NEW YORK (Reuters) - LinkedIn said it expects to raise 30 percent more than it had forecast in its initial public offering, in a sign of the strength of investor appetite for social networking companies.
The company, which operates a website where professionals connect with one another, now plans to sell shares at $42 to $45 each, up from a previous range of $32 to $35.
At the middle of that range, the nine-year-old company would be valued at $4.11 billion.
The new price range values LinkedIn at almost 17 times its 2010 revenue. That is about half the valuation multiple that investors are giving to Facebook, which is expected to go public in April 2012 and now has a market value of around $70 billion.
Both companies are expensive compared with other tech stalwarts, including Google Inc, whose shares trade at about six times revenue.
To some investors, LinkedIn’s valuation is too high.
“I wouldn’t touch the stock, I wouldn’t own it, not at $45, not at $43,” said Eric Jackson, managing member at hedge fund Ironfire Capital.
He might be willing to buy it at a much lower price, like around $25 a share, he added.
The stock market’s reception of LinkedIn will be an important gauge of investor appetite for social networking, including the Big Four of the social media space -- Facebook, Twitter, Groupon and Zynga -- which are widely expected to go public in coming years.
LinkedIn’s growth has been rapid: It doubled its revenue last year to $243.1 million and posted net income for common shareholders of $3.4 million.
However, in the risk factors section of its prospectus, the company disclosed it does not expect to be profitable in 2011.
“Our philosophy is to continue to invest for future growth, and as a result we do not expect to be profitable on a GAAP basis in 2011,” the filing said, referring to generally accepted accounting principles.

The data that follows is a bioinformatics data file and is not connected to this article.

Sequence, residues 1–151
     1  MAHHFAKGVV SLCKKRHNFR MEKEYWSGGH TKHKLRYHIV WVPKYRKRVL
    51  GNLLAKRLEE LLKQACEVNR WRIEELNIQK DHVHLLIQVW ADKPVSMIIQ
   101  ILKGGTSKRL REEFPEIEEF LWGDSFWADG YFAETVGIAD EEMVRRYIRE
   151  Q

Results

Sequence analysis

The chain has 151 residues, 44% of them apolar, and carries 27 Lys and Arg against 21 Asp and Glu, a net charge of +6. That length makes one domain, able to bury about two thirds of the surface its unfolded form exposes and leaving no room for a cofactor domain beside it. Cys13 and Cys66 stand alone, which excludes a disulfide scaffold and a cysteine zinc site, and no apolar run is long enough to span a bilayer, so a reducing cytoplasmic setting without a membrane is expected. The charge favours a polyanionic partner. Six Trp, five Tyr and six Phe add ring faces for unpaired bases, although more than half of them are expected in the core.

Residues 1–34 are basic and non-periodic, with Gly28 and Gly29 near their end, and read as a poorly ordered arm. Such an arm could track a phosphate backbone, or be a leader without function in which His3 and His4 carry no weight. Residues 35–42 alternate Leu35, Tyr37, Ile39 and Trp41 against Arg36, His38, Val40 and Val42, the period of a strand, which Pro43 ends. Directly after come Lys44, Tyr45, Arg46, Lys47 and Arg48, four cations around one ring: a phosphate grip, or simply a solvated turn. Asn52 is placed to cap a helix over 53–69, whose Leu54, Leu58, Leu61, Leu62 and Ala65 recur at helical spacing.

It is not uncommon for an unprofitable company to seek a U.S. public listing, but it could give investors pause to see a company bluntly forecast swinging to a loss during its first year as a publicly traded stock.
“If LinkedIn goes out and doesn’t trade well that could present a problem marketing other social media companies going forward,” said Yvan-Claude Pierre, a corporate lawyer at DLA Piper in New York who has represented companies that are going public.
Companies such as Facebook, Twitter, Groupon and Zynga have stoked investor interest in social media companies and command multibillion-dollar private market valuations.
But there are signs investor appetite could be waning. Renren, a company sometimes called the Facebook of China, went public in the United States earlier this month. Its shares soared 29 percent in their debut, but have since dropped below the IPO price.
French social networking site Viadeo, the second-biggest social networking site for professionals behind LinkedIn, said on Monday it would defer plans to go public.
Ironfire’s Jackson thinks LinkedIn has some positives, including its built-in professional audience, but its biggest problem is its bottom line.
“LinkedIn has its niche and Facebook has its niche. Facebook’s is much bigger and much more profitable,” Jackson said.
Of the 7.84 million shares LinkedIn is offering, 4.83 million will come from the company and the rest from stockholders.
LinkedIn co-founder and ex-PayPal executive Reid Hoffman is among the stockholders selling shares in the IPO, but he will still have 21.7 percent of the voting power in the company after the offering. LinkedIn began in Hoffman’s living room in 2002.
Other big stakeholders selling shares in the IPO include Goldman Sachs Group Inc, Bain Capital Venture Integral Investors LLC and McGraw-Hill Cos Inc.
LinkedIn, based in Mountain View, California, helps professionals find new business contacts and reconnect with old ones.
“It’s like a Rolodex on steroids,” said Rich Stromback, a venture capitalist who uses LinkedIn frequently.
Underwriters on the offering are being led by Morgan Stanley, Bank of America and JPMorgan. The company’s shares are expected to begin trading on the New York Stock Exchange on Thursday under the symbol “LNKD.”
Reporting by Sweta Singh in Bangalore and Alina Selyukh, Clare Baldwin and Jennifer Saba in New York; editing by Ian Geoghegan, John Wallace and Matthew Lewis